Bivariate analysis was also performed to test the relationship of these five explanatory variables with TEOT; see Table 3. Task-shifting: There was no relationship between task-shifting and TEOT in TZ (see caveat regarding small n in paragraph above); it was not tested elsewhere, due to insufficient cases. Task-sharing (of suturing): no clear association emerged; task-sharing was associated with increased TEOT in two cases (ZW, 2012 and RSA, 2011), and not significant in the rest. Number of beds: The association between number of beds and TEOT was mixed: TEOT decreased significantly with increased number of beds in KE (2011) and RSA (2011); TEOT increased significantly with increased number of beds in TZ (2011); and it was not related or showed no linear trend in the remaining countries. Electrocautery: In ZW, the only country that used both types of hemostasis, the use of electrocautery resulted in lower TEOT than ligaturing sutures in both years but the difference was only significant in 2012. Quality score: on seven of eight data points (4 countries×2 years) there was no association between quality and TEOT; the one exception was RSA (2012), where higher quality was associated with lower TEOT.
The results in Table 4 identify the factors significantly associated with PPTC when analyzed using multiple linear regression for each country separately. In KE there were no significant associations. The results from the other three countries showed that PPTC decreases with task-sharing in both years (except RSA 2012) and with the use of electrocautery in both years in ZW, the only country where both electrocautery and ligating sutures were used. The association between number of beds and PPTC was significant in 2012 in RSA and TZ, but the association was positive in TZ and negative in RSA. There were no significant relationships between quality of surgical technique and PPTC.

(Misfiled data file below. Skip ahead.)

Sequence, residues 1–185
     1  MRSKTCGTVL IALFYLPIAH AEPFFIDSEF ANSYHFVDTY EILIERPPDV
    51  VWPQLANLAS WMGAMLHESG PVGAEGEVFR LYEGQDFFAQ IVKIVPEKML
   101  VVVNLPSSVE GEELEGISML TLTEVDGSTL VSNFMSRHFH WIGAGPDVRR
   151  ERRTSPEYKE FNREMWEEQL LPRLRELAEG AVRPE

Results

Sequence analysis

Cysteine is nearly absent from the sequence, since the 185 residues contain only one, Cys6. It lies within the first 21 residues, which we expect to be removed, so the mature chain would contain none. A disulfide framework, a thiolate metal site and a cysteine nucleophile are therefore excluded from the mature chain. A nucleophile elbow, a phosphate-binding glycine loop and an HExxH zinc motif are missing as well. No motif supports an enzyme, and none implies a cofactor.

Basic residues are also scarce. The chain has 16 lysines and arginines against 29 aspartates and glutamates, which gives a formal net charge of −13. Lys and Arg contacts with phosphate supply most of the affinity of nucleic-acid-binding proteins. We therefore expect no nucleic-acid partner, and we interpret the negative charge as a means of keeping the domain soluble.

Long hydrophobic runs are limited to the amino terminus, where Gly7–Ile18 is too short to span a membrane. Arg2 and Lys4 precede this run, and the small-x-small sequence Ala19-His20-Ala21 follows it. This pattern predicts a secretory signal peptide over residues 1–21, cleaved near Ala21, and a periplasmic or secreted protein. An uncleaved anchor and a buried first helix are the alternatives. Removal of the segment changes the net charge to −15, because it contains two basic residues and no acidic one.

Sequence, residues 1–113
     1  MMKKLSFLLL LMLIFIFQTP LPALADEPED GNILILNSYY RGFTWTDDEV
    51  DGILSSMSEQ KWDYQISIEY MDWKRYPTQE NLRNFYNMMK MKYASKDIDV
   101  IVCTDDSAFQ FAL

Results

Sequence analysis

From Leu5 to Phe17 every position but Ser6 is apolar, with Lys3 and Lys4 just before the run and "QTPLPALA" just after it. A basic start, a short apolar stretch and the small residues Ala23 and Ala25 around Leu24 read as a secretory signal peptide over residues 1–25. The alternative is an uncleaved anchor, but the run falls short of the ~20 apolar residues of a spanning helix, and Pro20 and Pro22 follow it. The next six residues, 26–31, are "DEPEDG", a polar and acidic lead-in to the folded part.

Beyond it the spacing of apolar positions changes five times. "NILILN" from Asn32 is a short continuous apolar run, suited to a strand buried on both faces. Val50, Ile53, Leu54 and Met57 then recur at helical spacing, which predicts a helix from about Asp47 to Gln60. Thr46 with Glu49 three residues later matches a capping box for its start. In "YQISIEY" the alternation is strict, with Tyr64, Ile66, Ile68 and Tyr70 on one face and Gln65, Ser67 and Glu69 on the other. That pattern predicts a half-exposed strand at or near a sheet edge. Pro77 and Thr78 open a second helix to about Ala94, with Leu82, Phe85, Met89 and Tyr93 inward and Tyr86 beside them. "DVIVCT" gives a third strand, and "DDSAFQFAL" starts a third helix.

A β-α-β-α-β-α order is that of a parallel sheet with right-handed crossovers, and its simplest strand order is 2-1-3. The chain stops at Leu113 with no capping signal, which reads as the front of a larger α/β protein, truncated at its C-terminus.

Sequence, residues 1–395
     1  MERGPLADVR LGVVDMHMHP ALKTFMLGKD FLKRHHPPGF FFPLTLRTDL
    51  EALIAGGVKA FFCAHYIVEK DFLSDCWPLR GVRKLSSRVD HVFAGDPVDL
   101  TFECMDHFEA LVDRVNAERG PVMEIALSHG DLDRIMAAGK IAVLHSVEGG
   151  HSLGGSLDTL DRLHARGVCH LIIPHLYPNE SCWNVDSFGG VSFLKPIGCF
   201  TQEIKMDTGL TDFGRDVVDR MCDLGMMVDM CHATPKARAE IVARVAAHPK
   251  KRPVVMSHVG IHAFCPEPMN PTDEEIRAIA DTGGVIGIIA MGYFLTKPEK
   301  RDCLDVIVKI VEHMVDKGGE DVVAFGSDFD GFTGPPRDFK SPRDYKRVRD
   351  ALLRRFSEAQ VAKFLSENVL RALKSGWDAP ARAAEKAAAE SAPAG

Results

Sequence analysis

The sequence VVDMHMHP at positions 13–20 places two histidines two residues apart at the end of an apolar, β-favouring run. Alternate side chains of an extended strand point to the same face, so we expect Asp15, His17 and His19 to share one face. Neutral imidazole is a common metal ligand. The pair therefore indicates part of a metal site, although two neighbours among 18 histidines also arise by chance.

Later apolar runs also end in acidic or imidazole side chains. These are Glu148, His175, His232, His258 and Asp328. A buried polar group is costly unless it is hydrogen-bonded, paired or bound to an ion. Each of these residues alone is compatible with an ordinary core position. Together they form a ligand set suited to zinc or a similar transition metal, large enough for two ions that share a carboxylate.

The results in Table 5 identify the factors significantly associated with TEOT when analyzed using multiple linear regression for each country separately. Again, there were no significant associations in Kenya. Task-sharing: in RSA (2011) and ZW (2012), TEOT increased when secondary providers shared the task of suturing. Number of beds: in TZ (only, but both years) TEOT increased with number of beds. Electrocautery: in ZW, TEOT decreased with the use of electrocautery (on average, by 4∶42 minutes in 2011 and 2∶35 minutes in 2012). Quality score: in RSA (2012 only) quality was associated with lower TEOT.